The taxi turned right onto a down slope. A church of fine red stone stood across the far end of the road, and on both sides tall buildings of the same red rose up from the wide pavements. In George Square, a large public space, tall statues and neat grass were studded with pigeons and people eating an early lunch or a late breakfast.
The taxi stopped outside an old industrial looking kind of building; the doors to the inside were wonderfully designed of old wood and new steel. Reception was staffed by a sane collection of blue eyed eastern European and authentic locals with poetry in their accent. I was offered a tea, for which I was thankful, and when it arrived, it was in a mug; “The cups are too small for a decent cup” I was told and I found myself in total agreement with the sentiment.
But something was not working; something was remarkably and deeply wrong. This was not the Glasgow that I knew existed. This had to be somewhere else - maybe Edinburgh with its festival cool, or Aberdeen with its….. whatever Aberdeen has. This could not be Glasgow.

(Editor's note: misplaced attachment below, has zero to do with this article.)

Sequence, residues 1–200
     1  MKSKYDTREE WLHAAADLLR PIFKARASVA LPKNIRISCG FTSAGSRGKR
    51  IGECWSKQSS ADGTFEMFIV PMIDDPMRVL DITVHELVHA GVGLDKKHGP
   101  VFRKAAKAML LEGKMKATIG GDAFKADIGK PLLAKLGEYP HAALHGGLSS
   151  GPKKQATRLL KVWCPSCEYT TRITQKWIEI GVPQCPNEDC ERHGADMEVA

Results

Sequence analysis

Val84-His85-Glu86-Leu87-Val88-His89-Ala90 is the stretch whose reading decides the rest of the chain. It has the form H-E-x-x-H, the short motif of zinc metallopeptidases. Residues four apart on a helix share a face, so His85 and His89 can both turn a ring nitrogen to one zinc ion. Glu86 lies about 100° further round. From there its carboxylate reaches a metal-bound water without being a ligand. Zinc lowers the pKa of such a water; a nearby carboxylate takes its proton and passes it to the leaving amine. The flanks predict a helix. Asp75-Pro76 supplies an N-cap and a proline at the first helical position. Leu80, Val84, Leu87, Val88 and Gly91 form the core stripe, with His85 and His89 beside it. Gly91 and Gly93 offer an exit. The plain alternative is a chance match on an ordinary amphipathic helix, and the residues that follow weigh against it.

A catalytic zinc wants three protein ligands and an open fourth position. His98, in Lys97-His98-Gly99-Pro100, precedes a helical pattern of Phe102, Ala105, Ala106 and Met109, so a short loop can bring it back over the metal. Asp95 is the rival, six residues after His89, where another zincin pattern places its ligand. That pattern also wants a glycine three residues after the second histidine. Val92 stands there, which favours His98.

What I saw and what I knew were clashing in a way, which compounded by jet lag, brought my confusion to almost fatal levels. I was in that political dream state of the current age where knowledge is unhindered by experience, and certainty never challenged by evidence. Opinion, being far more important than the mere empiricism of measurement, meant that what I was seeing must be wrong. I shook my head and went in search of my room.
The outside of the room’s single window was deeply speckled with dust and dirt, breaking the view in to a broken patchwork that hid the details of the buildings and courtyards behind. The nearest rooftop sprouted a small tree and a few tiles were missing, slid off by winter storms or pushed off by the growing Ash. Beyond that building was the back of a pub, where wide wooden tables were laid out with glasses and plates of food. This was more of a vision of the truth that I knew to be true, and feeling slightly superior I took a shower.
An hour later I was back in George Square, where more people had gathered to soak up the sun and meet with friends. On the outside wall of the Guilds Hall a metal plaque held a set of standard measures – one foot, two feet, a yard – and the back of a war memorial recalled the number of people from Glasgow who had died 100 or so years ago. Measurement and numbers. Facts and figures. I think this may have been some form of sign as well.